Tuesday, 19 April 2011
This brand seemed to have really lost its way visually although we were quite impressed to see how these guys appear to be turning these aspects of it around. Following on from quite a sophisticated, albeit, bizarre marketing campaign (did anyone get it?) the team here seem to be re-establishing their direction (even if the text on these banners is still rather obscure). Although this is a very simple scheme, it does work very well, saying, to us at least... "that this is the merchandise we have so come and get it". It has huge impact from across the street and we do hope this is the start of ever more interesting schemes to come.
Monday, 18 April 2011
This is such a fun scheme from Energie / Miss Sixty which brought a huge smile to our faces. These large out sized eyeballs are placed in this repetition format (essentially repetition of radiating forms) some of which wink (or blink?). We have seen some really great schemes from this brand over time and this is certainly the most fun to date. Do check out there store along Carnaby Street and take a look yourself. Another little winner we think. Thanks Energie / Miss Sixty, great fun.
Sunday, 17 April 2011
We have to hand it to these guys as they really do make an effort to entice us into their stores. Desiguel always seem to have such fun schemes in their windows - whether we personally like them or not is absolutely irrelevant, as they clearly really do work hard to entertain us. What is particularly interesting about this scheme is the appeal to the auditory senses. In Visual merchandising this is something that is very under utilised in the industry, as is the olfactory appeal. If you happen to see this scheme and listen above the noise of the traffic on Regent street (no mean feat) one can hear the call of the seagulls (just about) from the fenestration. Huge applause to these guys for doing something that we no longer see (or hear very much these days). If you happen to walk along the luxury brand streets one can just smell the luxury oozing from the stores although this is probably not deliberate. Luxury brands just smell nice anyway. However, hats off to these guys for the wonderful entertainment and really trying hard to appeal to something more that the usual visual.
Saturday, 16 April 2011
Multiple Gerbera...............it must be Summer then. We do quite like the merchandise at this brand but the schemes here just don't seem to reflect it. However, that said, it does perhaps have a little more identity and and differentiation from some of the stores that surround it. Its such a shame that these kind of multiple brands stamp the same scheme out of a mold rather than to allow localised creativity which would have enhanced the presentation enormously.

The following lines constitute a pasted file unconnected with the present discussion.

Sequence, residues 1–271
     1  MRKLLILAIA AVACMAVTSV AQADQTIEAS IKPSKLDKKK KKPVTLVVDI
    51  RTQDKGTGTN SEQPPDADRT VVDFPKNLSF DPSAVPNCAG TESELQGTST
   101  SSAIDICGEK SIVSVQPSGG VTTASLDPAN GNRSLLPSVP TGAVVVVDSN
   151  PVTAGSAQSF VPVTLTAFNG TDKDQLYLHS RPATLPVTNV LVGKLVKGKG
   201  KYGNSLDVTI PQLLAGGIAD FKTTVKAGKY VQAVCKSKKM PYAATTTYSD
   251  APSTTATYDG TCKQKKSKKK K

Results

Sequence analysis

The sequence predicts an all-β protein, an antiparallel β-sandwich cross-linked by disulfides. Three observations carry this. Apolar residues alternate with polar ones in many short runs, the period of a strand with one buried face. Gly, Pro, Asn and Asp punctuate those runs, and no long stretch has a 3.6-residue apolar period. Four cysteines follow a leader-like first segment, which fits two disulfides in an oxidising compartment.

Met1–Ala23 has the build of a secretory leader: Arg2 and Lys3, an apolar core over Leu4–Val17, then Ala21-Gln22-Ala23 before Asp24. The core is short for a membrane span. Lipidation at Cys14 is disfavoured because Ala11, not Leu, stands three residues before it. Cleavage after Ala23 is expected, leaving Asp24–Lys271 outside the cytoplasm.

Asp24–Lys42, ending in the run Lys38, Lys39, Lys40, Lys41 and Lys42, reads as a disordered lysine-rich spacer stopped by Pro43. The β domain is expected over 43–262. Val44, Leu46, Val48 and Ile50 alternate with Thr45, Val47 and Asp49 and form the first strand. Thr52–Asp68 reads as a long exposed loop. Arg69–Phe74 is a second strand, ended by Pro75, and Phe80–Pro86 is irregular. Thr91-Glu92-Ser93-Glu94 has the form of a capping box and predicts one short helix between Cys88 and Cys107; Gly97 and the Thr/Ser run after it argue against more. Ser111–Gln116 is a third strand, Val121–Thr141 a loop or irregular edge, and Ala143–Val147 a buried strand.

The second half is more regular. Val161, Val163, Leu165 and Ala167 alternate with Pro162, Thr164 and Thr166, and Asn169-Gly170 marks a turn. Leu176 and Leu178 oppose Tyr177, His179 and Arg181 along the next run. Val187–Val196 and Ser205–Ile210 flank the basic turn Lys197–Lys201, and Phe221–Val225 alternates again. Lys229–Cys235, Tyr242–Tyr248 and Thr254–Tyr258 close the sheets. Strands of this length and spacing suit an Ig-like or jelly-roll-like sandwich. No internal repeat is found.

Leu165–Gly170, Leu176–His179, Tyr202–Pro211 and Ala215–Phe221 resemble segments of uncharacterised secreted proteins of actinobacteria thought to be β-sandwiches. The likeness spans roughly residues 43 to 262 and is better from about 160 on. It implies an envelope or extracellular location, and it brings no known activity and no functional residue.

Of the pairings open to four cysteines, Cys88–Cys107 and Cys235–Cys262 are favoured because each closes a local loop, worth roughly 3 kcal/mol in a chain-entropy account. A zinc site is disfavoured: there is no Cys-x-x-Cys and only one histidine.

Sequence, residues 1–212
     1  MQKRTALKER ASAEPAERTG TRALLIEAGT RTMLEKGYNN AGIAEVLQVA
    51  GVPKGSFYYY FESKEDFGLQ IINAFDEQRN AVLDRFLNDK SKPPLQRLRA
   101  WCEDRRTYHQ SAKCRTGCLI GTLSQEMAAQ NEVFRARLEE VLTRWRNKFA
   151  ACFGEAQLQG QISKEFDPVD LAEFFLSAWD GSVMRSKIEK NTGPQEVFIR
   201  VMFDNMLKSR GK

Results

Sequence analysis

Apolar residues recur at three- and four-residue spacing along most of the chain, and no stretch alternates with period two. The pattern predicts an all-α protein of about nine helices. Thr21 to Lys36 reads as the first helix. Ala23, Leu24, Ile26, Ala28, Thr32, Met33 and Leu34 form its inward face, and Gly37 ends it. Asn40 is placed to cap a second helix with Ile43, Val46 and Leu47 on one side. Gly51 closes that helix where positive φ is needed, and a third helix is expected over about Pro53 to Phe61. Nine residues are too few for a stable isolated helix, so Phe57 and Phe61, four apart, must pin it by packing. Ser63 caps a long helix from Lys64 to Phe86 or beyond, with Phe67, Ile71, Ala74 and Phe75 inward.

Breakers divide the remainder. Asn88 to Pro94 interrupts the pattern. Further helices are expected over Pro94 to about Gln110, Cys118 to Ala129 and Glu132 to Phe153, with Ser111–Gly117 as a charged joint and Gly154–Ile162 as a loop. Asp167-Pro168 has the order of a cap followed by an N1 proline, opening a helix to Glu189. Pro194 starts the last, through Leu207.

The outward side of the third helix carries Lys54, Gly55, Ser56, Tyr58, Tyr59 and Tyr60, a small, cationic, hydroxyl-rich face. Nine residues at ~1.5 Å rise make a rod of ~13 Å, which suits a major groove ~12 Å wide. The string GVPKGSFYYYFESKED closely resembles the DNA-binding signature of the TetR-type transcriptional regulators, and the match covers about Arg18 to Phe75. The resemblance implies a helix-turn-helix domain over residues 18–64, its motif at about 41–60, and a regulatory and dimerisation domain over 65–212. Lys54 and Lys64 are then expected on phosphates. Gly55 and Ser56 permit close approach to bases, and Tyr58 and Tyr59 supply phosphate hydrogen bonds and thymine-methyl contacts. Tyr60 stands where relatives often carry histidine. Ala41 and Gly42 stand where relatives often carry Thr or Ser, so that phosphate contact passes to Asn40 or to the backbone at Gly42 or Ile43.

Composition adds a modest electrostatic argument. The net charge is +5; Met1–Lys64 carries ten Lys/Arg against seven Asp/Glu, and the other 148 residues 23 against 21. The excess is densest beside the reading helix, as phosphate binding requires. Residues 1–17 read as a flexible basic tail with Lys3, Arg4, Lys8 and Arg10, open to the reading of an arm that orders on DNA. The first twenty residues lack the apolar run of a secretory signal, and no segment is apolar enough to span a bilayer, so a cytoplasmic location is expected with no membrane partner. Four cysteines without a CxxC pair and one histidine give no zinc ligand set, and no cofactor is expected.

Friday, 15 April 2011
We've only just realised that we've never mentioned this brand on this site before. We often pass this store along Conduit st. but strangely it always seems to elude us. Having said that, we've had a closer look at the merchandise and while it is rather pricey it is quite wonderful. In fact we were drooling over the collections on-line. Unfortunately, if you wish to buy on-line (and we're not sure this is a brand that one would want to do this with) the site is rather out of date. Strangely its rich history only leads up until 2006 - bizarre, eh? Also, the merchandise available on-line is also quite limited. Looks like a visit to the store is in order. Anyway, within the window schemes the brand have used old crates in which to present the merchandise. This is something we've seen a lot of around town since January. The brand have also used these full bodied generic mannequins in a high gloss Black finish. The colours of course of the merchandise are absolutely on trend and we're going to swing by soon and take a closer look.
Thursday, 14 April 2011
theDnAfactory : Love The Disease : Dulwich Open House Preview. This, the third and final year of participation for theDnAfactory in the Dulwich Open House sees a preview of several pieces from the new collection : Love The Disease, plus a chance to see an overview of their work for the last five years with selections from the collections : This Human Condition and The China In Your Hand.Viewing times : 11am - 6pm (daily)
Viewing dates : Saturday 7th May and Sunday 8th May 2011
Venue : 17 Harwarden Grove. London SE24 9DQ
You MUST see this work: Check out the guys at http://www.thednafactory.com/
We didn't think we would see it, say it (or write it) but we are mightily impressed with the new scheme at Burberry. We love the way these guys have really changed the existing space in this scheme to bring us these show windows focusing our eyes on the product. After what seems a lifetime, we finally have a scheme from this brand which is not a re-hash of the traditional Brand design in just about every format possible. We applaud you Burberry and thank you for finally moving these schemes forward. We love the product, but the previous schemes were so deathly dull and finally someone has injected a bit of oomph..! into their schemes. Job well done we think...!...Relief..!